EO

Tropic Sprockets by Ian Brockway

5/5 (1)

From Polish Surrealist Jerzy Skolimowski (Deep End), comes an interpretation of “Au Hasard Balthazar” (1966) by Robert Bresson. An incarnation of Balthazar’s adventures, “EO” is a mesmerizing tour de force that compels as it draws tears from the eyes.

EO is a circus animal, a donkey who moves with tranquility and grace. His big round eyes are like two globes, taking the entire world within. EO often sees his environment colored blood red as if to express to us that humankind is engaged in doing selfish and murderous acts.

When we first see our four-hoofed friend, he is taken from the circus that was managed by a harsh and violent man facing bankruptcy. EO is brought to a farm where he munches on carrots. He escapes, but finds himself in a forest with wolves. Frighteningly, hunters are hunting. Scared, he trots away.

He comes into a field. Fat and aggressive men are engaged in a soccer match. EO is christened as the winning team’s mascot. This portion of the film is festive but it also contains an air of menace and unease. Floods of strange liquids confront EO: beer. Followed by sinister curls of cigarette smoke. EO exits. A rival soccer team ransacks the building and brutally attacks the donkey. EO is taken to a hospital.

EO lives as a testament to continuation and moving forward regardless of happenstance. Through physical burdens, menial labor, as a witness to gory murders and religious rituals, EO trots on.

The actor Lorenzo Zurzolo plays an eccentric drifter Vito, in love with his countess mother (Isabelle Huppert) in a very odd Oedipal sequence. EO browses idly in the yard.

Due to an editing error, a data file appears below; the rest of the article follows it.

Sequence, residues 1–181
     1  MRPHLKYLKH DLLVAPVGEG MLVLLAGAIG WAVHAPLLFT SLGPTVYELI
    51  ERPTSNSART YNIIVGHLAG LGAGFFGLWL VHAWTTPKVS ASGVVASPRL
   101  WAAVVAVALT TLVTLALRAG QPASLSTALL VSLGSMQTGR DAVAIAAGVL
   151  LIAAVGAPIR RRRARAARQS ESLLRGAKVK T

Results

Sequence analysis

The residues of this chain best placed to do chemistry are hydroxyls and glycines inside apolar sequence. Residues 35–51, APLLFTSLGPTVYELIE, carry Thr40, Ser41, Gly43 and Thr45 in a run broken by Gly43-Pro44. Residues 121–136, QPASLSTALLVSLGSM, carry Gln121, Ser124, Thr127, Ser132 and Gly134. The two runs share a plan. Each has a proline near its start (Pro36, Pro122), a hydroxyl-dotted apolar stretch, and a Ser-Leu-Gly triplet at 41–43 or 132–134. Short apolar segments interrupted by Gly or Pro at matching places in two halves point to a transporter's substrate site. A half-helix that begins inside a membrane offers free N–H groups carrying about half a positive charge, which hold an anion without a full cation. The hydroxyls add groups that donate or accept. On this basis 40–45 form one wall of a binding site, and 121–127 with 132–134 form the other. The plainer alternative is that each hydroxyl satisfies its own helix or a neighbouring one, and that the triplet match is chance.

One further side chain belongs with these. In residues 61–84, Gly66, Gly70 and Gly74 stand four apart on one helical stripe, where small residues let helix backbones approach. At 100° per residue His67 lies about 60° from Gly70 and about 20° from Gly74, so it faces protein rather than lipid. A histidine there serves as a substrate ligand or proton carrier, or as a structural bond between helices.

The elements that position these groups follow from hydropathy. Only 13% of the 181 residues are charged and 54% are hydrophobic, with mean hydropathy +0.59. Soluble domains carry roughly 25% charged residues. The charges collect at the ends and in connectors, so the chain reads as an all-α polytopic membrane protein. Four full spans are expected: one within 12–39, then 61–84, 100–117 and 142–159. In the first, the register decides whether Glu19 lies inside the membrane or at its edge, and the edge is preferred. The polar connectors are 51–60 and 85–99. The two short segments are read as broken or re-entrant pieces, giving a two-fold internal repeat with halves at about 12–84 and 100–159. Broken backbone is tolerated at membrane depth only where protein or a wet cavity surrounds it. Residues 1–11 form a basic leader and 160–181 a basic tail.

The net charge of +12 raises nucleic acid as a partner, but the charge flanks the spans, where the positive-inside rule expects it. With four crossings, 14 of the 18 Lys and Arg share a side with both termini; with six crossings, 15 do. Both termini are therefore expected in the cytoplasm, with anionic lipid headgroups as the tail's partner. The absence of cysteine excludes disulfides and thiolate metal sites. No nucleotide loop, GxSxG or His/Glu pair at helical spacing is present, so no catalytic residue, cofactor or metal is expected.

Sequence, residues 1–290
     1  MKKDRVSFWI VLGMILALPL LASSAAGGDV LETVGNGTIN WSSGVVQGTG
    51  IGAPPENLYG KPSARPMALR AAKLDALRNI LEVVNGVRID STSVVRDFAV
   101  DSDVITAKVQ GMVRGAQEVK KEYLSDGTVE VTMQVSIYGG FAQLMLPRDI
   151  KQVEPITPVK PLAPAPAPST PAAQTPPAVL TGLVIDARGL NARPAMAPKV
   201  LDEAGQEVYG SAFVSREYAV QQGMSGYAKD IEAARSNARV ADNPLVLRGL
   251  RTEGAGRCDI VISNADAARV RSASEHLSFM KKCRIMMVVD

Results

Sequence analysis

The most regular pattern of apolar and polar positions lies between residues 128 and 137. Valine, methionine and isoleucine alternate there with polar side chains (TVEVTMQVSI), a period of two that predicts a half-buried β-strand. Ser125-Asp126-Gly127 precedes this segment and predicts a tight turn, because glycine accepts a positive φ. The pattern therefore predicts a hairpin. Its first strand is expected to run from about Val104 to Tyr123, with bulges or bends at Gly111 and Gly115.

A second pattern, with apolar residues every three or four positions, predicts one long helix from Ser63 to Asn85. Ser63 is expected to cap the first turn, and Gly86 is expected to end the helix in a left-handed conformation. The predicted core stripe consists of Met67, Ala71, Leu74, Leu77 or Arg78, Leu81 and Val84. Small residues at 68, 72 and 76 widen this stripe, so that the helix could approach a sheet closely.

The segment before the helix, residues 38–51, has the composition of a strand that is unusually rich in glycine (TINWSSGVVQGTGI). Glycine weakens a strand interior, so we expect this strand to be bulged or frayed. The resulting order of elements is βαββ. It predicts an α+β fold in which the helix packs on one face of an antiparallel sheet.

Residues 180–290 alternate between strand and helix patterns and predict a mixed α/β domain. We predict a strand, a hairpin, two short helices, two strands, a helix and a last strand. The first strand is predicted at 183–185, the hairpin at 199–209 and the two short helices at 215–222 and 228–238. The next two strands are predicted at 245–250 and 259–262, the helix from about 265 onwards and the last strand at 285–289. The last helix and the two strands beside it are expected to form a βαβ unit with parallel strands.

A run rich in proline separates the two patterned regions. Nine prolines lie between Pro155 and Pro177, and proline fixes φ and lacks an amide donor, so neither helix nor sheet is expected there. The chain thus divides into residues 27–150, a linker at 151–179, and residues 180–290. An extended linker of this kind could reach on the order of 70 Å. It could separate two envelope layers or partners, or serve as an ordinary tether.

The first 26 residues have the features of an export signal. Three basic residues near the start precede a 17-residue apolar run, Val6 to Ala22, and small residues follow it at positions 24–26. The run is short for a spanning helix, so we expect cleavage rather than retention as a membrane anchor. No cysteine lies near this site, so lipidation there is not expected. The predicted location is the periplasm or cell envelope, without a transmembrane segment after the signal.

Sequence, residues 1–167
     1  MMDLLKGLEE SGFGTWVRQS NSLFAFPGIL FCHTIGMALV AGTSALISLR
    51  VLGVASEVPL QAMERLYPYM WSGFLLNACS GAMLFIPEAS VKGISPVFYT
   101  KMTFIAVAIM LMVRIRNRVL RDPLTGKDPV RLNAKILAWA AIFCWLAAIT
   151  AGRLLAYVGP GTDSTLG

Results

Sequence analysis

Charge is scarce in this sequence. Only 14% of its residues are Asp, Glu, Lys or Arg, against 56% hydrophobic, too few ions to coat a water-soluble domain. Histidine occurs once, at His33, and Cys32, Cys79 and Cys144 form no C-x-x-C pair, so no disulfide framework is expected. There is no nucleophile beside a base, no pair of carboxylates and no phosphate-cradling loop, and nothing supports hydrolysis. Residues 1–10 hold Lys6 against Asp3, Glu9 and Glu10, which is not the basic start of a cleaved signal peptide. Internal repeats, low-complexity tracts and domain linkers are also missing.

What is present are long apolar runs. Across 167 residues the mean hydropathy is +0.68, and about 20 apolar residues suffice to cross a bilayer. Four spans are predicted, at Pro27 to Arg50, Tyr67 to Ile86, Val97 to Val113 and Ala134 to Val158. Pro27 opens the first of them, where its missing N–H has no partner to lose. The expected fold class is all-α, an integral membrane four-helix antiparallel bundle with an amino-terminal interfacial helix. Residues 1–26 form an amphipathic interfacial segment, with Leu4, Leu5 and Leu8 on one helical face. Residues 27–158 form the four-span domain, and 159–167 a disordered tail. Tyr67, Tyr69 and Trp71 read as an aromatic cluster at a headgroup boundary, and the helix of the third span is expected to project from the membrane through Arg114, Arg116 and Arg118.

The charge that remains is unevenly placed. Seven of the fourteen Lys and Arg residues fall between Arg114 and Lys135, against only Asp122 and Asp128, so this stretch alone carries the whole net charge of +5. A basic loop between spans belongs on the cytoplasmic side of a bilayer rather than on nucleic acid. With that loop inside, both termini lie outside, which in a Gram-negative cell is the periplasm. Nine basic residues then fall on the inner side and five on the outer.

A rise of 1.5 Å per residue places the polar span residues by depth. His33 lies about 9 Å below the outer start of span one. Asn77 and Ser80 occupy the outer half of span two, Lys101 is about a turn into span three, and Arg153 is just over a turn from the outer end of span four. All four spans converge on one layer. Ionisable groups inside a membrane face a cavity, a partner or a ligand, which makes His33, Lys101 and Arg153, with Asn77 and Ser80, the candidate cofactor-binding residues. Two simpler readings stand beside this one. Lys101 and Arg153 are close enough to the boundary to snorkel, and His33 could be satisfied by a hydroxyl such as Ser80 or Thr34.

The movement of this film is perfect with not a single frame disposable or wasted. As it rolls on, one receives the truth: EO may seem dispassionate and gentle (or is he?) but in his very persistence to continue, he is more human than the majority of men in the film, the mental equivalent of base monsters.

Through pettiness and predicaments, through shrieks of bombast and blood, EO continues forth.

This is no Disney film. The thrumming orchestral score recalls the haunt of Bernard Hermann while the strobing off kilter perspectives coupled with forbidding rural scenes recall Lars von Trier and Stanley Kubrick. In some ways, this is “My Donkey, My Lover & I” (2020) as if seen by Gaspar Noe’s strobe effects and carnal claustrophobia.

Jerzy Skolimowski is to be commended here for highlighting our base desire to manipulate the animal world. In true Surrealist fashion, Skolimowski at 84 is still writhing against the status quo.

EO is truly one of a kind, disarmingly gutsy, fluid and beautiful. It will enthrall your heart just as it rips it out, wrenched and bloody on the theater floor.

Write Ian at ianfree11@yahoo.com

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